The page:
Maximum oxygen uptake

The maximum oxygen uptake (VO2max) was assessed by a maximal aerobic test on a treadmill (H/P/Cosmos, Germany) according to the following protocol: the duration of the step was 1 min 30 sec, the initial speed was 6 km/h, and after completing each step the speed was increased by 1.2 km/h, and the slope was constant at 2.5%. The analysis of exhaled gases (O2 and CO2) was performed in real time, using a metabolic device (Jaeger-Pro, Germany).

Biochemical analysis

The reagents used in the present work were obtained from SigmaAldrich (Germany).

Analytical procedures

The blood was centrifuged at 600 g for 10 min and the plasma was removed from the packed RBC. The amount of hemoglobin (g/L) in whole blood, in packed RBC, and in plasma was determined spectrophotometrically according to a calibration curve by using Drabkin’s Reagent. The packed RBC were washed twice with physiological saline and a 5 % suspension (diluted according to Hb in 0.15 M NaCl – 10 mM sodium phosphate buffer, pH7.2) was prepared. The RBC suspension was frozen, and the hemolysate obtained after defrosting was used for measurement of the level of LPO, tGSH and the activity of CAT, SOD, and GPx. Each sample was analyzed in triplicate. The single results obtained were in a good agreement and the mean value was taken as the final result.

The lipid peroxidation of hemolysate was estimated by the amount of thiobarbituric acid reactive substances (TBARS) [8] without LPO inductors (spontaneous LPO) and with 10 mM H2O2 and 2 mM NaN3 (induced LPO). The extinction at 532 nm was measured, and the amount of TBARS was calculated using a molar extinction coefficient of 1.56 × 105 M–1cm–1, and was expressed as ng malondialdehyde (MDA) per mg Hb.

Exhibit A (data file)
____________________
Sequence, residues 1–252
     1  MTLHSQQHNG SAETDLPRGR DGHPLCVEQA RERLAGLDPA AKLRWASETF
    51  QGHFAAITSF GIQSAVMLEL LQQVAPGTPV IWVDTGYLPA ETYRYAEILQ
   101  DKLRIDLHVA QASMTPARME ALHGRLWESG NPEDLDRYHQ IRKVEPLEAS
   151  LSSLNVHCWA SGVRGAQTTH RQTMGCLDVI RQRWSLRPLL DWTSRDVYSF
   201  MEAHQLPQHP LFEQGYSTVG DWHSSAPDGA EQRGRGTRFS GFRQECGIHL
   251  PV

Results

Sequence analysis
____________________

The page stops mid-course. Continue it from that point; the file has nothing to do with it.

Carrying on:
Total glutathione (tGSH) level was measured according to Tietze [19]. The values were expressed in ng/mg Hb, with oxidized glutathione (GSSG) as a reference standard.

Superoxide dismutase (SOD) activity was determined according to Beauchamp and Fridovich [3] and was expressed as U/mg Hb. A unit of SOD activity is the amount of the enzyme producing 50% inhibition of nitroblue tetrazolium (NBT) reduction.

Catalase (CAT) activity was determined according to Aebi [1] and was expressed as dA240/min/mg Hb.

Glutathione peroxidase (GPx) activity was determined according to Gunzler et al. [9] and was expressed in U/mg Hb, using a molar extinction coefficient of 6.22 × 106 M–1cm–1.

Statistical analysis

The results were expressed as mean ± SD. Statistical analyzes were performed using SPSS statistical software (SPSS for Windows, version 16.0, 2008, SPSS Inc., Chicago, USA). The statistical significance of the differences between mean values was evaluated by t-test for paired data. Statistically significant differences between the average results were evaluated at p < 0.05.

 

RESULTS

The anthropometric data, along with the results of the maximal aerobic test, are presented in Table 1. The wrestlers represented different weight categories and, therefore, large variations in height and weight were observed. The BMI for female wrestlers was within the norm, and that for male wrestlers was slightly above 25.0 kg/m2 (26.5 ± 2.24 kg/m2), which is to be expected in strength sports athletes, due to the latter’s greater muscle mass. All athletes were well hydrated and had a normal average percentage of body fat (at 75 percentile) according to the American College of Sports Medicine [13]. The wrestlers showed a good aerobic capacity for men (VO2 max = 52.9 ± 3.80 mL/min/kg) and for women (VO2 max = 46.8 ± 0.95 mL/min/kg).

Table 1: Anthropometric data and results of the maximal aerobic test of the wrestlers

 

female

male

Age (years)

21.0 ± 1.00

21.0 ± 0.87

Weight (kg)

58.4  ± 3.05

79.2  ± 7.15

Height (cm)

159.6 ± 5.59